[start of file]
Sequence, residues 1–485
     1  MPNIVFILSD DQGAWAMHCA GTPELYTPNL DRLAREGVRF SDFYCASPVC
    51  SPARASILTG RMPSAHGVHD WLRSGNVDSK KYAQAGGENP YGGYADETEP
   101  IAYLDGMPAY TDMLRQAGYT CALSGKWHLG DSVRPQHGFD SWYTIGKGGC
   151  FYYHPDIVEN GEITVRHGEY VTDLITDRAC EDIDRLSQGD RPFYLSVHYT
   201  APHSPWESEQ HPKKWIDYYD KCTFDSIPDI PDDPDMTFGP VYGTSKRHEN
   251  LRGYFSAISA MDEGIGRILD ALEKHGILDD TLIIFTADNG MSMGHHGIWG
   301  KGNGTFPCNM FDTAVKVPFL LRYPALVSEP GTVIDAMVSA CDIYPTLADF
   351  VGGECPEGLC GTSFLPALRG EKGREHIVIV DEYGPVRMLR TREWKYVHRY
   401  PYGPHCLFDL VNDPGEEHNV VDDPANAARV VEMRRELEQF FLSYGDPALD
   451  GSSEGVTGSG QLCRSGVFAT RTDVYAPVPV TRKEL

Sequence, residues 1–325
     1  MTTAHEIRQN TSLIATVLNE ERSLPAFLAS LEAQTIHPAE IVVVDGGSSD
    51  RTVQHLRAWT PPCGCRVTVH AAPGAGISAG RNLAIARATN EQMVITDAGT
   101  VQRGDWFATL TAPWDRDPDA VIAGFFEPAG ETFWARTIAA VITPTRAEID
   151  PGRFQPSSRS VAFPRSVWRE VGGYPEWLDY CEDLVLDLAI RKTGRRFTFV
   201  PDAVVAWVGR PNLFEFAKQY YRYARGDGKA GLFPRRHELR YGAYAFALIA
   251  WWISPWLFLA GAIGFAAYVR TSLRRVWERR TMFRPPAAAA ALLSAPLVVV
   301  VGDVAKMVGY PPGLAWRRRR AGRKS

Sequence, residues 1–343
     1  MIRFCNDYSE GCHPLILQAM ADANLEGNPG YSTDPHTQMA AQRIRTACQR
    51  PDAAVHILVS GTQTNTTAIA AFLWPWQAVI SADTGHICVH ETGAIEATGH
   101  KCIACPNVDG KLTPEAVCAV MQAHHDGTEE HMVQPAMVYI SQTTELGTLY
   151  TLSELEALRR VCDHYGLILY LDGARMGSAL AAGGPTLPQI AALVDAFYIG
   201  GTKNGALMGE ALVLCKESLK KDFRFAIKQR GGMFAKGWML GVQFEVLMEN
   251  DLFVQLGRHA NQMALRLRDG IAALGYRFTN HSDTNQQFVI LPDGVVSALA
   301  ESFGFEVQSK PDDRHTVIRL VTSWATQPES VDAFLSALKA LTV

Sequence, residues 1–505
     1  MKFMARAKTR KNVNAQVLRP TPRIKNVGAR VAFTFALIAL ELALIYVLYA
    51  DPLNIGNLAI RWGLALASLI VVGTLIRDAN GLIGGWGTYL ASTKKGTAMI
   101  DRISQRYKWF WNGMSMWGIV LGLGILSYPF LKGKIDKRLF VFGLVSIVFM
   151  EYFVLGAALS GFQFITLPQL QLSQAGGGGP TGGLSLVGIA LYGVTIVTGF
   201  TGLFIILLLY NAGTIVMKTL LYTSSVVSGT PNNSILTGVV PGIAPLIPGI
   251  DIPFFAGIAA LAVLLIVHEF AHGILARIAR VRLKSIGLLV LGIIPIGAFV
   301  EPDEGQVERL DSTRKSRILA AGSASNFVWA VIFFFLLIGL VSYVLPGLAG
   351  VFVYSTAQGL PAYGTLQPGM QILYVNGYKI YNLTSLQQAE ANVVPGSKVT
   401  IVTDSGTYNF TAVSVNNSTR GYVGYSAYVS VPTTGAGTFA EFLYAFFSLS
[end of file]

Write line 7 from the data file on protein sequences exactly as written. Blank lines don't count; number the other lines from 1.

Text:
   251  LRGYFSAISA MDEGIGRILD ALEKHGILDD TLIIFTADNG MSMGHHGIWG